Our flock of hens has been laying very well. The six of them produce 3-5 eggs per day. We’ve been able to sell a couple dozen eggs to friends and I’ve also been able to make a few recipes that use A LOT of eggs. My grandma’s recipe for noodles and angel food cake is my favorite way to use them up.
When our first laying flock started to produce more than we were eating, I was SO excited to find that my grandma’s noodle recipe called for a total of 15 eggs. To go along with the 13 egg yolks the noodles use, is her recipe for angel food cake – YUMMY! The noodles are fairly easy to make and are worth the time it takes for the childhood memories it brings back. The cake, on the other hand, has been a challenge for me.
I like a challenge though, and my failures have not caused me to stop striving to make a perfect angel food cake. As you can see in the recipe, the exact consistency of the egg white mixture requires a grandma’s expertise. Sometimes, my cake ends up being referred to by the family as “angel flat cake.” It still tastes good, but it isn’t as light and fluffy as it should be. (I was very pleased to see an angel flat cake at the church festival. Knowing that I’m not the only one who’s cake doesn’t rise, makes me feel better about my failures.) I’ve tried “older” eggs vs. fresher eggs, a couple extra egg whites, room temp eggs vs cold eggs, whipping it more and whipping it less, sifting the full 5 times and hardly sifting at all, but I haven’t found the key to get it to consistently rise – tips would be much appreciated!
This time when we had a bunch of eggs to use up, I did some searching for a different cake recipe and stumbled across a white cake with butter frosting recipe that would use most of the egg whites. The cake was very good, but I didn’t quite get the frosting right. When adding the hot sugar mixture, I kept the mixer on and the whisk splattered it all over the sides of the bowl where it instantly hardened, instead of getting mixed in with the frosting. The result was a very buttery taste without much sweetness. Next time, I will stop the beating as I drizzle in the sugar so that more of it actually gets into the frosting. The recipe is certainly worth another try.
The recipes for the noodles and both cakes are below. Do any of you have any great recipes to use up a bunch of eggs?
- Angel Food Cake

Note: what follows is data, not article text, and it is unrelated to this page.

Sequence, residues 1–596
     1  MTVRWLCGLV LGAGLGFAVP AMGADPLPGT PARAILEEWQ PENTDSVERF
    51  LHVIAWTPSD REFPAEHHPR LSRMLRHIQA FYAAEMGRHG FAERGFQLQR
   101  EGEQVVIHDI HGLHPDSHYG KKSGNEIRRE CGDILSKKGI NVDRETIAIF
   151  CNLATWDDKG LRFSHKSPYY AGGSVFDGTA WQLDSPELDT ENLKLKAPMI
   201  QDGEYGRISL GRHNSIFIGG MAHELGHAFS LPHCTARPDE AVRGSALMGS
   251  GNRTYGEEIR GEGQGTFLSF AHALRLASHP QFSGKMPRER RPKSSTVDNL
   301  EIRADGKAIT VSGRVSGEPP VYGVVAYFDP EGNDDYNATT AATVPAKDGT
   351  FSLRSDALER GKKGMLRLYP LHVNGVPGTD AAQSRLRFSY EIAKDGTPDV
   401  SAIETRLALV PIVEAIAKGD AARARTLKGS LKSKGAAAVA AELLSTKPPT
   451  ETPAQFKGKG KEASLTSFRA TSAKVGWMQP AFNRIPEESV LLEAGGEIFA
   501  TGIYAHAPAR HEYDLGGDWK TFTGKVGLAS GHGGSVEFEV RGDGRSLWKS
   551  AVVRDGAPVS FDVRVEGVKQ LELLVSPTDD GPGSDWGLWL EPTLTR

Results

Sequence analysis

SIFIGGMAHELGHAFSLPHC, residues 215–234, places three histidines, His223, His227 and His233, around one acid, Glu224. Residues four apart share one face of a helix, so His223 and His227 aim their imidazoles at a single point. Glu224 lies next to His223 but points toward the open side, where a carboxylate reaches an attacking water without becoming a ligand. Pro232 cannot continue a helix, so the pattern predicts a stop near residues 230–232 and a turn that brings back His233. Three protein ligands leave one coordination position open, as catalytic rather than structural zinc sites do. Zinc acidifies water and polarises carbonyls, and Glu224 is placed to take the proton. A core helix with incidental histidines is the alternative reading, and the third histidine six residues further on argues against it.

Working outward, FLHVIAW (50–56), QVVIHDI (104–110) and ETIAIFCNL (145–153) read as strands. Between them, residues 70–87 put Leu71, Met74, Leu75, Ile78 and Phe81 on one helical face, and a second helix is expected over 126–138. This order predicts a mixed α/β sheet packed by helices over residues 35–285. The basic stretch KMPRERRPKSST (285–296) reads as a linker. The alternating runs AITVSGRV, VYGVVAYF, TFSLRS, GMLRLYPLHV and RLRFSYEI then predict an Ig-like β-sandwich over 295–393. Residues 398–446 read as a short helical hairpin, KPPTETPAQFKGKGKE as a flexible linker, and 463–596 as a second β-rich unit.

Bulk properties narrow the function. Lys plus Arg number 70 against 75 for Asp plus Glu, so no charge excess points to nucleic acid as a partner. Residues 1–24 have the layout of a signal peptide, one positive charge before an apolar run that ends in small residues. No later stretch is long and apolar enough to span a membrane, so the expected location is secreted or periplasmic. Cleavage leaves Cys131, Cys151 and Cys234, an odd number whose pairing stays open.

- My Grandma Cooney's recipe for delicious angel food cake. I make it along with Egg Noodles as a way to use the extra egg whites from that recipe.
|Servings||Prep Time||Cook Time|
|1 cake||20 minutes||60-75 minutes|
- 1 1/4 cup cake flour
- 1 3/4 cup sugar
- 1/2 tsp salt
- 1 1/2 cup egg whites (13 eggs)
- 1 1/4 tsp cream of tartar
- 1 1/2 tsp vanillia
- Sift measured flour.
- Sift flour, sugar, and salt together 5 times. (I find this to be VERY time consuming, so I have started sifting it together once and then mixing it up well with a fork for a bit)
- Beat egg whites with a rotary beater until foamy.
- Add cream of tartar and continue beating until stiff, but not dry. Whites should be glossy and moist. They should cling to the bottom & sides of bowl.
- Using a whisk, hand blend in vanilla and fold in dry ingredients. Do not stir.
- Pour batter evenly into ungreased angel food cake pan.
- Bake at 325 for 60-75 minutes until top is golden brown.
- Remove from oven and immediatly turn upside down. (I place mine upside down on a beer bottle.)
- Allow to cool completely and then carefully loosen with a knife around the edges to remove from pan.
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- Egg Noodles
- My grandma's recipe for "noodles" as they were called back in the day. It is a very simple, delicious, home cooked meal. Use the egg whites to make Angel Food Cake or White Cake with Buttercream Frosting
|Servings||Prep Time||Cook Time|
|8 people||30 minutes||75 minutes|
- Beat egg yolks and eggs together in a large bowl
- Add salt and 2 cups of flour. Mix with a spoon or spatula.
- Add additional flour until it is a roll out consistency. It will be a little on the sticky side.
- On a well floured surface, with a well floured rolling pin, roll out until about 1/4 inch thick. Turning often and putting more flour on the surface and rolling pin to prevent sticking.
- Cut into 1/2 inch wide strips.
- Bring chicken broth to a boil. Add noodles and then boil for 15 minutes.
- Turn down heat and simmer for about an hour.